WASHINGTON (Reuters) - Banks should immediately halt share buybacks, dividends and most staff bonuses to bolster capital and increase the capacity to lend to the real economy, a group of former senior regulators said in a statement to G20 finance ministers and central bankers on Thursday.
The Systemic Risk Council (SRC), a non-partisan body which comprises a number of officials who navigated the financial system through the 2008 crisis, said regulators should also require banks to gradually de-leverage their trading books and unwind deals, such as swaps and securities-lending portfolios, that do not support the real economy.
The statement to finance leaders in the Group of 20 industrialized economies was issued amid a scramble for dollar liquidity globally as businesses suffer revenue hits from disruption caused by the spreading coronavirus outbreak.
“Weaknesses in the financial system are exacerbating the potential feedback loops, which risk deepening the downturn and impeding eventual economic recovery,” the group wrote, pointing to a massive rise in corporate leverage and liquidity mismatches in the non-bank lending sector.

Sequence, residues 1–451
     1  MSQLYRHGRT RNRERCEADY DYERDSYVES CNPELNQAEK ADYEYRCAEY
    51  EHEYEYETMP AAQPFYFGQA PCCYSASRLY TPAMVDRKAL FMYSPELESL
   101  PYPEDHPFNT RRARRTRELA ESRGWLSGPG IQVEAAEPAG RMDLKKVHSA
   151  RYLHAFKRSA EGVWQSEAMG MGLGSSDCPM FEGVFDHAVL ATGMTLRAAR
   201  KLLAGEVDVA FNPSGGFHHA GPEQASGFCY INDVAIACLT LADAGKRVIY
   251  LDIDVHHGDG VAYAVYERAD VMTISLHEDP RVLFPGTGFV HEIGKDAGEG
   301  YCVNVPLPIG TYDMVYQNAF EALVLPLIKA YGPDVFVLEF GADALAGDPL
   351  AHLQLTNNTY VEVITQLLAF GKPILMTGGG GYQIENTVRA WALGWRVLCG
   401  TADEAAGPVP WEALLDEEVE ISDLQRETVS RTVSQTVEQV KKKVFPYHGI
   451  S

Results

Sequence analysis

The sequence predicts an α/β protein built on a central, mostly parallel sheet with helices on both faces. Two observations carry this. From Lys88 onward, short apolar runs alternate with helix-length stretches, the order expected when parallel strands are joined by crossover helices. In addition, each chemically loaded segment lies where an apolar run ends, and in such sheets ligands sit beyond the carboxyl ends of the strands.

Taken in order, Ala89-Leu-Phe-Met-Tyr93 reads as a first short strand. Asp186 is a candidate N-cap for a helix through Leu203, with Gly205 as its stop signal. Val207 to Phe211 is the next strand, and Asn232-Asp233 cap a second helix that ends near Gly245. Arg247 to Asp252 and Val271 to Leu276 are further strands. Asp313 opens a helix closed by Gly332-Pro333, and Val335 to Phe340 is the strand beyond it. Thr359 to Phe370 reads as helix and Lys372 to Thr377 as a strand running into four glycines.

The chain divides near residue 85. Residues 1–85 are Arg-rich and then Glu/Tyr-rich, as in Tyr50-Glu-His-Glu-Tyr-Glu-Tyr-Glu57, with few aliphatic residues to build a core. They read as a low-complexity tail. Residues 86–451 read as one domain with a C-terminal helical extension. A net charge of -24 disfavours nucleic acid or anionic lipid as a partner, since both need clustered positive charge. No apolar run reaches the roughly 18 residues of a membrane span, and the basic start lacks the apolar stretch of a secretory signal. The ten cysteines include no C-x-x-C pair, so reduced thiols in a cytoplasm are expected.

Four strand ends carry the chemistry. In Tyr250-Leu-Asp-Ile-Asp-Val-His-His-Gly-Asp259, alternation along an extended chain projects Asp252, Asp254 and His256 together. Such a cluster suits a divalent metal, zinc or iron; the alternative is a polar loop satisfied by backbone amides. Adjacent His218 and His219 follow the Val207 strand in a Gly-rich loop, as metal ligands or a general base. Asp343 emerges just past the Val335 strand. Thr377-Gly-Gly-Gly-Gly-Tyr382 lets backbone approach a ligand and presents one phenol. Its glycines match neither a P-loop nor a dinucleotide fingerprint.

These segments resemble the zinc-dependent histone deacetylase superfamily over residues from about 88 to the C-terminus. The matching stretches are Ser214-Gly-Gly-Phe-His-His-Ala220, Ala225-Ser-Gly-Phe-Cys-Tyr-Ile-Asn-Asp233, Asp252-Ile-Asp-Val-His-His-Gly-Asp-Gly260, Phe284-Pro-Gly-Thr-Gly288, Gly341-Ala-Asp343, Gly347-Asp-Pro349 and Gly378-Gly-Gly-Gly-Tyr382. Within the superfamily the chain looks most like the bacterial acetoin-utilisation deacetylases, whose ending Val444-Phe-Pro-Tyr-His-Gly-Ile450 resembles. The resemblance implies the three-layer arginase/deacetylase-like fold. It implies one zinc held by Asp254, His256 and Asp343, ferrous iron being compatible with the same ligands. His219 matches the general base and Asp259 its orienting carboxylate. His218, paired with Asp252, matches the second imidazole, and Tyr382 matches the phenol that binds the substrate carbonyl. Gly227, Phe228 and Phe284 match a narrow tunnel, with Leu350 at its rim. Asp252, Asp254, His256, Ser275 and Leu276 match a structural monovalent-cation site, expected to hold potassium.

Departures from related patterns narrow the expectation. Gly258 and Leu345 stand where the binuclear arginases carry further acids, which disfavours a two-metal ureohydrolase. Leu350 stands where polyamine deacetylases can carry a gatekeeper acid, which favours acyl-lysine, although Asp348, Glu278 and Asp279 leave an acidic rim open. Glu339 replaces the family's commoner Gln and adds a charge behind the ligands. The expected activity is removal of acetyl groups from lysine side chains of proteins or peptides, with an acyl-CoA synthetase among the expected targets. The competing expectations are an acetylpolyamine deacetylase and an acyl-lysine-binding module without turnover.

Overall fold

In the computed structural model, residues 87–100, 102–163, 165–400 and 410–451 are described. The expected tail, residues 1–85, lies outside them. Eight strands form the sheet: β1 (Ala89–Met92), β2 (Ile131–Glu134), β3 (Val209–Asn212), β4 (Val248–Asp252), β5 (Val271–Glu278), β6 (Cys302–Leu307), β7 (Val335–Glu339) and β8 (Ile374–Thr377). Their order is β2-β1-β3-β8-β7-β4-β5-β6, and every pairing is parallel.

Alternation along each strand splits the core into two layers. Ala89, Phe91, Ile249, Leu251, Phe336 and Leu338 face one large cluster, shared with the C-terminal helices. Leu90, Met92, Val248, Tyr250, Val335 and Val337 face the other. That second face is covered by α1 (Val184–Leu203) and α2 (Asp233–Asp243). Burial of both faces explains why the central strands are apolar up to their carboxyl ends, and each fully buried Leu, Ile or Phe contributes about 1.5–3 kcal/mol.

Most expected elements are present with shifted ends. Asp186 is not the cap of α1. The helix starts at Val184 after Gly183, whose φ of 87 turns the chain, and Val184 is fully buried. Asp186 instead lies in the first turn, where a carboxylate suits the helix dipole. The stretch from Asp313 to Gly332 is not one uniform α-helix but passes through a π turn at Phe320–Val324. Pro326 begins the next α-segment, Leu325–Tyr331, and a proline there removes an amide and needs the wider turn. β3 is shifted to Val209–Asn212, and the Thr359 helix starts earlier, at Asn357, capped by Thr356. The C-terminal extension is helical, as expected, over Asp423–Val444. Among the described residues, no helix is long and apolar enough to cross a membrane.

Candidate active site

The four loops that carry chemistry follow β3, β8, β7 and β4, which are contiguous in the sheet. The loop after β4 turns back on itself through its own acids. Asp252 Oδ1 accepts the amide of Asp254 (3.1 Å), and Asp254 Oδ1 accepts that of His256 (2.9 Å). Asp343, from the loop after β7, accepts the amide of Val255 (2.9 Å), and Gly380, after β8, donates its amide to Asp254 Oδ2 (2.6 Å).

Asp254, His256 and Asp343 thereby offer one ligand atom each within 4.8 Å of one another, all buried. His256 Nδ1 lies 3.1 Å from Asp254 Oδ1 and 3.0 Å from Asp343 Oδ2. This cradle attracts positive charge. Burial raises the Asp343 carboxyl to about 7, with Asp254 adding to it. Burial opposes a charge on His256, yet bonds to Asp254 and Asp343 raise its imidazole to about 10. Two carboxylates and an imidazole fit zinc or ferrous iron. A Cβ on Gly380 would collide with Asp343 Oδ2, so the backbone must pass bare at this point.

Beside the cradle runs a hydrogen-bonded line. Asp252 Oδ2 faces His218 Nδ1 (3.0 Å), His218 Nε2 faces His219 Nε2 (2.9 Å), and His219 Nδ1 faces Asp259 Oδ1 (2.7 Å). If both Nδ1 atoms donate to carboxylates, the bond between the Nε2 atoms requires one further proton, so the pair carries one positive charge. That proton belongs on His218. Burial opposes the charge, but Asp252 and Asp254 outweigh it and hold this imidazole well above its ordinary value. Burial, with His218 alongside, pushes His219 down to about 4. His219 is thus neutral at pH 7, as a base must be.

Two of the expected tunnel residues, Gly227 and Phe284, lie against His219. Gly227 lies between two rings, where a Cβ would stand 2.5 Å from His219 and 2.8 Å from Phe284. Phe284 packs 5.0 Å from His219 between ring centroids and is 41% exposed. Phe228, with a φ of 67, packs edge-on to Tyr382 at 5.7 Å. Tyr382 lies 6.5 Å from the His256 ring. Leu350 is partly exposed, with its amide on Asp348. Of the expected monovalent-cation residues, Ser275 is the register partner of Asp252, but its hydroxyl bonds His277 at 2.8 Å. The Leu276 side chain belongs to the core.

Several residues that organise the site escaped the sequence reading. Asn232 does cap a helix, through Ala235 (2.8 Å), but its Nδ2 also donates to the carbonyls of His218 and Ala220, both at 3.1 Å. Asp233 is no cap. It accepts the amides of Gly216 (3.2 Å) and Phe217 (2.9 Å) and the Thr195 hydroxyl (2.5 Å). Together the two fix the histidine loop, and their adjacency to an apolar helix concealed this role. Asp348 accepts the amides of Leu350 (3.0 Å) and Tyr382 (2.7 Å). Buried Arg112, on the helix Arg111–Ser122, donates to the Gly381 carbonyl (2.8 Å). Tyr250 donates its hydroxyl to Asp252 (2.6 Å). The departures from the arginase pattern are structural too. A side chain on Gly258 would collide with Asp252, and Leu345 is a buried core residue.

On Sunday, the largest eight US banks announced they had suspended stock buyback programs at least through the end of June as they redeploy capital to support the US economy in the face of a widening health crisis, although the Wall Street giants did not comment on dividends or remuneration. [L1N2B95JV]
The SRC also repeated criticisms of deregulatory measures taken by the Trump administration and other governments in the world, to reduce bank equity and liquidity requirements, saying those efforts should be immediately suspended.
The Council, which includes Sir Paul Tucker, a former deputy governor of the Bank of England, and Jean-Claude Trichet, a former president of the European Central Bank, also added to calls for central banks to provide direct liquidity to businesses hurt by business disruption. [L4N2BA5HN]
The group also recommended that authorities widen the collateral used in their longer-term market operations, such as in repurchase agreements, prepare to act as market makers of last resort in capital markets and where necessary conduct wider outright purchases of private securities.
Reporting by Michelle Price; Editing by Paul Simao and David Gregorio